Monday, June 22, 2020

The Bible Gives Guidance, Purpose, and Meaning

Detroit Metro Airport

Does the Bible have authority in my life? Yes. The Bible is my Text. It is the Narrative I look to for guidance in life, for greater purpose, and for the meaning of my existence. Guidance. Purpose. Meaning.

Don't be shocked by this. As a philosopher I've spent a lifetime studying guidance, purpose, and meaning. Everyone, including atheists, has a Narrative that addresses these three subjects. If asked, most atheists would not have a clue about this. (Those philosophy professors I studied under and who were atheists would have a clue about this.)

Likewise, most Jesus-followers will be unable to answer the question, "Why is the Bible authoritative for you?"

N.T. Wright's book on biblical authority, entitled Scripture and the Authority of God: How to Read the Bible Today, is helpful here. Wright also has an essay on biblical authority here, much of which is in the book.

Wright's work provides good reading for any Christian interested in the question, "Why should the Bible be considered authoritative as the Word of God?"
Wright's work, as well as that of scholars like Craig Keener and Ben Witherington, warns us how to avoid making "the Bible into something which basically it is not," and gives a perspective and a hermeneutic that is far more authentic to the Bible itself.


I like what Wright has to say about "story authority." Consider, e.g.:


"Story authority, as Jesus knew only too well, is the authority that really works. Throw a rule book at people’s head, or offer them a list of doctrines, and they can duck or avoid it, or simply disagree and go away. Tell them a story, though, and you invite them to come into a different world; you invite them to share a world-view or better still a ‘God-view’. That, actually, is what the parables are all about. They offer, as all genuine Christian story-telling the does, a world-view which, as someone comes into it and finds how compelling it is, quietly shatters the world-view that they were in already. Stories determine how people see themselves and how they see the world. Stories determine how they experience God, and the world, and themselves, and others. Great revolutionary movements have told stories about the past and present and future. They have invited people to see themselves in that light, and people’s lives have been changed. If that happens at a merely human level, how much more when it is God himself, the creator, breathing through his word."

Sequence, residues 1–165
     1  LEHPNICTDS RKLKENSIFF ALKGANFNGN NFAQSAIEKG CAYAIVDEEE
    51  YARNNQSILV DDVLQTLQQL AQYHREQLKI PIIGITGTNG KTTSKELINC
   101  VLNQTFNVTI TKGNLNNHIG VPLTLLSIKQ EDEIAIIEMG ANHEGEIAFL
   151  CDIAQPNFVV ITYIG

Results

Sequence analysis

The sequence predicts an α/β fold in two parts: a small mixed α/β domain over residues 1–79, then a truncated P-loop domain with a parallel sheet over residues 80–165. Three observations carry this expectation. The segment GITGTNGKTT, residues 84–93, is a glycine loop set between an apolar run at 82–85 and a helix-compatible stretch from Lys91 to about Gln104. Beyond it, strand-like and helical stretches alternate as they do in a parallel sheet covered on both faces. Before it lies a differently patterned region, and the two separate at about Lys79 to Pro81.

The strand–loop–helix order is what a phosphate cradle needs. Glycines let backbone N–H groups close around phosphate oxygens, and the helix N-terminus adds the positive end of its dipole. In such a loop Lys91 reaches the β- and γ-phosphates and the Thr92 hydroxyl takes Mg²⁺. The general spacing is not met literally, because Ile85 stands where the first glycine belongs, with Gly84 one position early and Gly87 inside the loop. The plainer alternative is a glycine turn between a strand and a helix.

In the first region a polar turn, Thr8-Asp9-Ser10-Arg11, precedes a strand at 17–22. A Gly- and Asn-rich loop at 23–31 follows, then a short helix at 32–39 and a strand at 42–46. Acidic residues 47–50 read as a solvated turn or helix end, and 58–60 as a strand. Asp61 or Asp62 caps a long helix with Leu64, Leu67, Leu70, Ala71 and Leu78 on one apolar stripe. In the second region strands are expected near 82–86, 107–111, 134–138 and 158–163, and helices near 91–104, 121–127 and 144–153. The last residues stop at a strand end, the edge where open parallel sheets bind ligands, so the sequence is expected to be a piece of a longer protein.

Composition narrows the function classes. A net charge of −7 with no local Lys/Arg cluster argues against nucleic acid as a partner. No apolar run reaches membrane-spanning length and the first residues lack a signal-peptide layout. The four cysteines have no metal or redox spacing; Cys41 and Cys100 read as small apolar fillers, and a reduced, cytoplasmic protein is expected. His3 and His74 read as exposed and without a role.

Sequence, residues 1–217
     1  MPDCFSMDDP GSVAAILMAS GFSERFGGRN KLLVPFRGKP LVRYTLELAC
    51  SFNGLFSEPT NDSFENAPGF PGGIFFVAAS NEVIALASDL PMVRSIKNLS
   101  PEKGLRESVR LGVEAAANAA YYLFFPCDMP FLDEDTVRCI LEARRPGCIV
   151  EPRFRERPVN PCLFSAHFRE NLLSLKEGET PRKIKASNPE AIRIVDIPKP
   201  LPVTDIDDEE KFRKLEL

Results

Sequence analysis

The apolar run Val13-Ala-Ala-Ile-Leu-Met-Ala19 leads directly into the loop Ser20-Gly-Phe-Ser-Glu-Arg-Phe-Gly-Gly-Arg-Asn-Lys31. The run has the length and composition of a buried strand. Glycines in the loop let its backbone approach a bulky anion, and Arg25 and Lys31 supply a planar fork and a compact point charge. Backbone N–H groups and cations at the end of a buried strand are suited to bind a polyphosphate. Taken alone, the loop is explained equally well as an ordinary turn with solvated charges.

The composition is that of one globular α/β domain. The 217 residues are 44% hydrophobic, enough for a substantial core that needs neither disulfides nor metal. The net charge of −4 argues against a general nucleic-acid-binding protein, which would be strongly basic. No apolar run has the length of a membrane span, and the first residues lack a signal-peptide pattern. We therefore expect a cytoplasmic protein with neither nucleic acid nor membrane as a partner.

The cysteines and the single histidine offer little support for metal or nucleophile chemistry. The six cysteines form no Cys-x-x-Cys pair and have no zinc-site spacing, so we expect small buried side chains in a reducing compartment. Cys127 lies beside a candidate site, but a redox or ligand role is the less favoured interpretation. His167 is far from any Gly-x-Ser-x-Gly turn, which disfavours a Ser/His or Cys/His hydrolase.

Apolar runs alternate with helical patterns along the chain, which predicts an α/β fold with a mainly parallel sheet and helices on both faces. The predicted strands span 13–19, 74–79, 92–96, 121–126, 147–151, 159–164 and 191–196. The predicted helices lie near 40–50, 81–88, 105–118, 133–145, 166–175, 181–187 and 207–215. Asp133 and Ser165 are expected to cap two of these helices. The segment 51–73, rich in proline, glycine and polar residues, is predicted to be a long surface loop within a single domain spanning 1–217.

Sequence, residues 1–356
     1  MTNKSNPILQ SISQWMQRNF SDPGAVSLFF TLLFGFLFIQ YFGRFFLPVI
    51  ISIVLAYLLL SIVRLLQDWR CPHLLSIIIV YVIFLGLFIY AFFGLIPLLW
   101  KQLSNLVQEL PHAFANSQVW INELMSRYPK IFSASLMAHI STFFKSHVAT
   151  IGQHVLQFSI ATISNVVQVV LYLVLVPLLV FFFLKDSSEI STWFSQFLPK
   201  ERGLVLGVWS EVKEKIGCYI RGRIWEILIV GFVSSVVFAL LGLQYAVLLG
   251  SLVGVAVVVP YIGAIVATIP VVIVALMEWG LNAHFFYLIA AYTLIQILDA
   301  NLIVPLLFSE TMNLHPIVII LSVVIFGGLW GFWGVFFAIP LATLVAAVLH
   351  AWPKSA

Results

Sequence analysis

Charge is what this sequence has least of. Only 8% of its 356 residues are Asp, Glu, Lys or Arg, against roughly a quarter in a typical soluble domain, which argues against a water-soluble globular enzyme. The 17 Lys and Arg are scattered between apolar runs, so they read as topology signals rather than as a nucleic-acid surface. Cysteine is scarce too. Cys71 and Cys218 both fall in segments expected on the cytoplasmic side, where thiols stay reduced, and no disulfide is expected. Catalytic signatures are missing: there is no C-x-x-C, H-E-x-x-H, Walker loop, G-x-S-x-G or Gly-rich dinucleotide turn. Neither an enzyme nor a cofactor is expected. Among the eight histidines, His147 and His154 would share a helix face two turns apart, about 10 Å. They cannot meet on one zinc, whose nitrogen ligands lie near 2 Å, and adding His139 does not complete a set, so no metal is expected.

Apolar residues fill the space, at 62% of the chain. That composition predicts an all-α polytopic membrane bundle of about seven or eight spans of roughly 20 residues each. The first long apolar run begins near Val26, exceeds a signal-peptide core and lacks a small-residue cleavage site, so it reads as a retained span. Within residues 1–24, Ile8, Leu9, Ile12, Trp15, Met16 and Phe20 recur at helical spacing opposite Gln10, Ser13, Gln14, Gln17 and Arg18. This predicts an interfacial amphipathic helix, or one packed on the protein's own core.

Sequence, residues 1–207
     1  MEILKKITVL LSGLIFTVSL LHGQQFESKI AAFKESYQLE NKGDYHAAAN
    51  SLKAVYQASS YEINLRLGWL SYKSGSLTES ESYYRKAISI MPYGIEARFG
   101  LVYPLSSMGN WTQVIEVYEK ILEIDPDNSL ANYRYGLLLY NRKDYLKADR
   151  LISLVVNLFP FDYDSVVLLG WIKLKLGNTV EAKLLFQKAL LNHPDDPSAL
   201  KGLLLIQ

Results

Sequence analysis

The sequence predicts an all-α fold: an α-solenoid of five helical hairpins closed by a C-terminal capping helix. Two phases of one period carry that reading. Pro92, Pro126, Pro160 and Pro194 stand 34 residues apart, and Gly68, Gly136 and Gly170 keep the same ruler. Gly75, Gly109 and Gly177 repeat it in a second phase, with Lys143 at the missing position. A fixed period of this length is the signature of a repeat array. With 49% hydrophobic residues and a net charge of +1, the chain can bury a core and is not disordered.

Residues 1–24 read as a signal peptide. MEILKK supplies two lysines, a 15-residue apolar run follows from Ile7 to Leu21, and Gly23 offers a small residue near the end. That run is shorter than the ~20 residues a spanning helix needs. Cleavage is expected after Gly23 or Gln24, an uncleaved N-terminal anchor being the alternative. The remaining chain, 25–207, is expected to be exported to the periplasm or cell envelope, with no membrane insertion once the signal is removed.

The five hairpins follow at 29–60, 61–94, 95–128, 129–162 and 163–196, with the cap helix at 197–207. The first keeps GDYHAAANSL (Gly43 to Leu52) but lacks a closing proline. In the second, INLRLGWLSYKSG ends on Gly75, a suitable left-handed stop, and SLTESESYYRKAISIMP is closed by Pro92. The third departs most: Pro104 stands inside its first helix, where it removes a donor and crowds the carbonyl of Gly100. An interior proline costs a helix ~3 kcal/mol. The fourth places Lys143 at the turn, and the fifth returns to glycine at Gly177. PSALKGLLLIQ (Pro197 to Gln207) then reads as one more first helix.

The Koran, for example, is a set of commands. (Eide Alawan of the Islamic Center of America told me this. And, of course, you can see for yourself by reading the Koran.) While the Bible contains commands, they are situated in what scholars call "salvation history." The commands are part of the story. The story is compelling, with the Jesus-event being the greatest story ever told.

How brilliant of God to give us a Story, and situate us within it. Our lives find guidance, purpose, and meaning. "Meaning" is situatedness within a coherent context. In the Bible, I have found my place. This is the core of biblical authority.

***
My two books are:

Leading the Presence-Driven Church

Praying: Reflections on 40 Years of Solitary Conversations with God